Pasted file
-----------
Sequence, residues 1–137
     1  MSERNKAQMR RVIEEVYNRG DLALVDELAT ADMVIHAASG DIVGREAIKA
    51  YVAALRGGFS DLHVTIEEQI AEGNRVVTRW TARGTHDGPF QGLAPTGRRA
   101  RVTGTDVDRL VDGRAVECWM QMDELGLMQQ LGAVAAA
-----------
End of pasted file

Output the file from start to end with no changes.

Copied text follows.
Sequence, residues 1–137
     1  MSERNKAQMR RVIEEVYNRG DLALVDELAT ADMVIHAASG DIVGREAIKA
    51  YVAALRGGFS DLHVTIEEQI AEGNRVVTRW TARGTHDGPF QGLAPTGRRA
   101  RVTGTDVDRL VDGRAVECWM QMDELGLMQQ LGAVAAA